Renters and landlords alike are struggling to keep up with the turning tides of the housing market in a pandemic. The Orange County Emergency Housing Assistance program has stepped up to accommodate those in unpredictable living situations.
Delores Bailey is the executive director of EmPOWERment, Inc., a Chapel Hill-based nonprofit that helps renters who are fearful of eviction and homeowners who cannot pay their mortgages. The pandemic has had a devastating impact on renters and homeowners in Orange County, Bailey said.
To help solve the looming housing crisis, the Orange County Housing and Community Development department coordinated with the towns of Chapel Hill, Carrboro and Hillsborough to pool housing funds and coordinate aid guidelines.
What the Orange County Emergency Housing Assistance program is
The goal of the Emergency Housing Assistance program is to help people stay in their housing and avoid increased homelessness, Nate Broman-Fulks, affordable housing manager for Chapel Hill, said. He said affordable housing is a long-term need that will outlast the pandemic due to a nationwide trend of increasing rent and home prices.
The program provides emergency funds to help Orange County residents with low incomes prevent eviction and homelessness, as well as secure and maintain stable housing.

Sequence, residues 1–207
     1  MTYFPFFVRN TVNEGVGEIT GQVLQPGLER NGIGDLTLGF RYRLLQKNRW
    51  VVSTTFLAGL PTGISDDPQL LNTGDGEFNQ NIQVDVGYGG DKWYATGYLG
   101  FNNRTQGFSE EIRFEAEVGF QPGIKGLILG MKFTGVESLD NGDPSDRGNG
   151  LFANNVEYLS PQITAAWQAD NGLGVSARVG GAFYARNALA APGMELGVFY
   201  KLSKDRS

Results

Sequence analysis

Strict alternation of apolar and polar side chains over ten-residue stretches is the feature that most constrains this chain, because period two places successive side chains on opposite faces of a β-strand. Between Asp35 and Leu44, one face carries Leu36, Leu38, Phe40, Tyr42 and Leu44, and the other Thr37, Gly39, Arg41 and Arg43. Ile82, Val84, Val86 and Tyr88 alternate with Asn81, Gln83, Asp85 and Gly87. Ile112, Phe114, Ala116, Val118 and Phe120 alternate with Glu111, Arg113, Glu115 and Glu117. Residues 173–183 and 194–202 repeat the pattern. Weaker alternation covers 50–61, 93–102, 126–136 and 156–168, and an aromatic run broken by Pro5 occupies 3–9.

“As housing practitioners, it’s our dream to build these programs up, it’s a dream to be able to provide a more researched and higher level of service to people in need,” Emila Sutton, director of Housing and Community Development for Orange County, said.
Sutton said the office is now receiving 300 applications a month, compared to 34 applications in April 2020. The increase in applications is in part because of how the program has worked to lower the access barrier for residents in immediate need of housing aid.
Prior to the pandemic, while Sutton was transitioning into her director position in September 2019, she said there was only a shell of what would become the Housing and Community Development program. $75,000 of local funds had been allocated by the department in 2017 toward risk mitigation and housing stabilization.